That will create a new layer with the same Blend Mode and Opacity settings. You can do this with any effect. After that, flip the layer, reduce opacity of needed. Repeat the same as explained above in order to tilt it.
I think that’s pretty much all I could say about shadows. Let’s go with the lighting now. I will just show you a few techniques that I use to create realistic lights.
D) Casting lights
I want to show you how I created the light effects shown in the image below. It’s from a manipulation that I’m working on. I will write a full tutorial about it.
Making this kind of light effects in Photoshop is not difficult but you have to think a bit if you want to cast the light realistically. Blend modes are very important here. Don’t be afraid of making each light effect on it’s own layer and using different blend modes for each of them.
The first thing I created was the light source. I took a fairly big soft brush with yellow color and I painted a big dot. Then I went through all the available Blend Modes to see which one works best.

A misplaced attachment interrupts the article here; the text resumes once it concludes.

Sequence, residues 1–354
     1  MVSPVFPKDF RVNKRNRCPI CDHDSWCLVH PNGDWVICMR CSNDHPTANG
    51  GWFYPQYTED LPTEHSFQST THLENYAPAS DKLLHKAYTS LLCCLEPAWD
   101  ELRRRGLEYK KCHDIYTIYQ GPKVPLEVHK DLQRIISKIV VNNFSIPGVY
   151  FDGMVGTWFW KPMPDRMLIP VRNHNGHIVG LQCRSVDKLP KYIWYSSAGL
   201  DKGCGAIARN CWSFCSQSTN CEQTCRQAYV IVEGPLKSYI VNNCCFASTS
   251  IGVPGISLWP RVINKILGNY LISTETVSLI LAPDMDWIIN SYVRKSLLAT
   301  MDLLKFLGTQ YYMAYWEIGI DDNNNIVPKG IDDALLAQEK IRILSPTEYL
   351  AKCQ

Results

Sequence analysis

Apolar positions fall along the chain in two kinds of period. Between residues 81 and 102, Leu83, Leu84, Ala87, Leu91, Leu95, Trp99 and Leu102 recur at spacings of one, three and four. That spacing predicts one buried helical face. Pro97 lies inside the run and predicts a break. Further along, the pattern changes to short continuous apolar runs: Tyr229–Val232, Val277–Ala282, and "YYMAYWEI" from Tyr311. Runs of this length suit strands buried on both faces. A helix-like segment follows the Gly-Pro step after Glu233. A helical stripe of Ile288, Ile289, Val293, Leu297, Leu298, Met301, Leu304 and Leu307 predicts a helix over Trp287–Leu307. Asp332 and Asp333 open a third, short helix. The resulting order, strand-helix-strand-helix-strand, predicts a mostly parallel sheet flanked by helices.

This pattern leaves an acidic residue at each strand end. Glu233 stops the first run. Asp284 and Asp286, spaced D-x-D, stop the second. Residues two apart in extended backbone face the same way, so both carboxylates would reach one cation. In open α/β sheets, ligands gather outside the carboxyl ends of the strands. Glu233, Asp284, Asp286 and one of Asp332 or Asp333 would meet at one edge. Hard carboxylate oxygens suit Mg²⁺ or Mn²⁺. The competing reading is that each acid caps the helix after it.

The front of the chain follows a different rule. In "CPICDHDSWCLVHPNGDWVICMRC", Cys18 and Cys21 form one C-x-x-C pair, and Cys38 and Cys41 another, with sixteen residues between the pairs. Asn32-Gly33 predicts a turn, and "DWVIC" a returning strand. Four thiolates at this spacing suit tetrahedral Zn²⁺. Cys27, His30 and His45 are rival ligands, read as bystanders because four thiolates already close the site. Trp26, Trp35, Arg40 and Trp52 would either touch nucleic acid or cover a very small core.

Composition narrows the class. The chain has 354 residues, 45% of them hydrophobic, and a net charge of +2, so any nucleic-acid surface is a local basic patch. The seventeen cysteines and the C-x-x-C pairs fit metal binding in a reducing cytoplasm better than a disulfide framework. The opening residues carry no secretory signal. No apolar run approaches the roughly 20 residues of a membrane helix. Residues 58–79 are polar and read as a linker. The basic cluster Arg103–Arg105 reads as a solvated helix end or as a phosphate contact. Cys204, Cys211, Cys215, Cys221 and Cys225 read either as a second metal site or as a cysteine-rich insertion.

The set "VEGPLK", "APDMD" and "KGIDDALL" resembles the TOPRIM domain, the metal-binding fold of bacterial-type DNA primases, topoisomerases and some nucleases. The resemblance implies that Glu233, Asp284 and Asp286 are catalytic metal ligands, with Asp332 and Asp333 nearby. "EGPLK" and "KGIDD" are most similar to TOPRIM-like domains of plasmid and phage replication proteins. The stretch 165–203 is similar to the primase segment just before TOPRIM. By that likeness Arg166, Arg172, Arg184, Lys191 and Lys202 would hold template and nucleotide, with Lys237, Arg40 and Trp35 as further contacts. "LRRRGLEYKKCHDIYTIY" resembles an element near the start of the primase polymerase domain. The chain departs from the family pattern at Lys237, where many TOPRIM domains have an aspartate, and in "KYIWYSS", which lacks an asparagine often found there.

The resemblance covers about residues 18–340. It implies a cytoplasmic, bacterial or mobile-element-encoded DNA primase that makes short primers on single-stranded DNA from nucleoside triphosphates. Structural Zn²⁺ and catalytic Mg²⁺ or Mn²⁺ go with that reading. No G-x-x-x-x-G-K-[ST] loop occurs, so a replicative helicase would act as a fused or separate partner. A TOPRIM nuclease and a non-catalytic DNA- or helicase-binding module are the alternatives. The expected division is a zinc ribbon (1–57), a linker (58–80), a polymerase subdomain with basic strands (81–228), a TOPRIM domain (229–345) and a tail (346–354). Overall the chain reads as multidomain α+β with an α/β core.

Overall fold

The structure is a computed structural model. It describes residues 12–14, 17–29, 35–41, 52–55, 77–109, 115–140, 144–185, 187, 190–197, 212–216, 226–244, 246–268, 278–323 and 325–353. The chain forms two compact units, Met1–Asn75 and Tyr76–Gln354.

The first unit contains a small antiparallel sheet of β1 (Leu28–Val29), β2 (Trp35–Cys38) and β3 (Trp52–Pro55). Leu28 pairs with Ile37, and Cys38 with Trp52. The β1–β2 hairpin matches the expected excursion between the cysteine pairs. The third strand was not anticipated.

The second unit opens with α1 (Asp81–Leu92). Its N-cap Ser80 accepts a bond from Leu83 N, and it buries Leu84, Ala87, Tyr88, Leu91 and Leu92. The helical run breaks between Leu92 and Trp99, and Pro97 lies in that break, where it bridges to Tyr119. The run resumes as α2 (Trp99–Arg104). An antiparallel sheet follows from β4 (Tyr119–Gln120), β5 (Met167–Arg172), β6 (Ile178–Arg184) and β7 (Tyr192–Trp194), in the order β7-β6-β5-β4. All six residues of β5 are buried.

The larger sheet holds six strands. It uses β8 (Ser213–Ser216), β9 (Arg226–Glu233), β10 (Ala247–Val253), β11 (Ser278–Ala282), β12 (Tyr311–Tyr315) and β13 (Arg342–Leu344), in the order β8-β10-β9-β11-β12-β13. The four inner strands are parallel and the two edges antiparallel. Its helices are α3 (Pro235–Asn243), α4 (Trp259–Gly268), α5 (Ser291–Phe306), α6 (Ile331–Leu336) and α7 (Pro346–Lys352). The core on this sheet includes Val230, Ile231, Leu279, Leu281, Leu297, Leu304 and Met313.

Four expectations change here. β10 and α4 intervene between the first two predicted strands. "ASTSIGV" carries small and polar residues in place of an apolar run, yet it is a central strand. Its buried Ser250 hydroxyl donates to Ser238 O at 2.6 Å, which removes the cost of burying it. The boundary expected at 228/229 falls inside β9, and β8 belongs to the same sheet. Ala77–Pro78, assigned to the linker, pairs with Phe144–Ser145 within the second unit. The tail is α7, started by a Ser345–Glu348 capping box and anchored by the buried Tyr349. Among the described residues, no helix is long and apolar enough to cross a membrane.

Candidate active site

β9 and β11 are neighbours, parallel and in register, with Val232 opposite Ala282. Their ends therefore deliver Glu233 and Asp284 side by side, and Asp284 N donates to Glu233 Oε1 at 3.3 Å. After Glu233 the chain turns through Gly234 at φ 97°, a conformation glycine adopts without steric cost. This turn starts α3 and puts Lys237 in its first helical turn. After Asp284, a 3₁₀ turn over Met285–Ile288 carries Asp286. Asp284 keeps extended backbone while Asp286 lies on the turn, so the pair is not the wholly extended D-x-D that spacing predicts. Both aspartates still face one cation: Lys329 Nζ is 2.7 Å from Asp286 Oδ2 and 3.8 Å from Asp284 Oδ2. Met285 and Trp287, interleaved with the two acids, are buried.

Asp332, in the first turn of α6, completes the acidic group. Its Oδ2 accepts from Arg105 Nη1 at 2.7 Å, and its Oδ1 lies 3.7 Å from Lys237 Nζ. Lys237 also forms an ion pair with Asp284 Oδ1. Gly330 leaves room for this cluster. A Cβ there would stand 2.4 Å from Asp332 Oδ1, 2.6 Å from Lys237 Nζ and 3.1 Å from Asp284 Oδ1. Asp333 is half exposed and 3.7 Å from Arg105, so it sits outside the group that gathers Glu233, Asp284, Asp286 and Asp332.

Keep in mind that blend modes work with luminosity values. If the light don’t look as you want it with any of the available blend modes, try using a darker, less saturated color. In this example I used a dark yellow to make the light glow.
Next I created the final glow using the Lens Flare filter from the menu Filter>Render>Lens Flare. I created a square selection, filled it with black on a new layer and I added the flare centered on that black square. Then I changed its color to yellow with the Hue/Saturation adjustment and I changed the layer’s blend mode to Screen to hide the black area of the square.
When the light source is made, you will have to replicate the light that comes from it on the other objects such as the ground or walls. The most common way of doing that is by hand using a soft brush and in this case the yellow color.
I found out that the Color Dodge, Vivid Light or Linear Dodge (Add) are the best blend modes for light effects but as I said, it depends on the colors and luminosity levels on your background. The realism of the light depends on where you place it.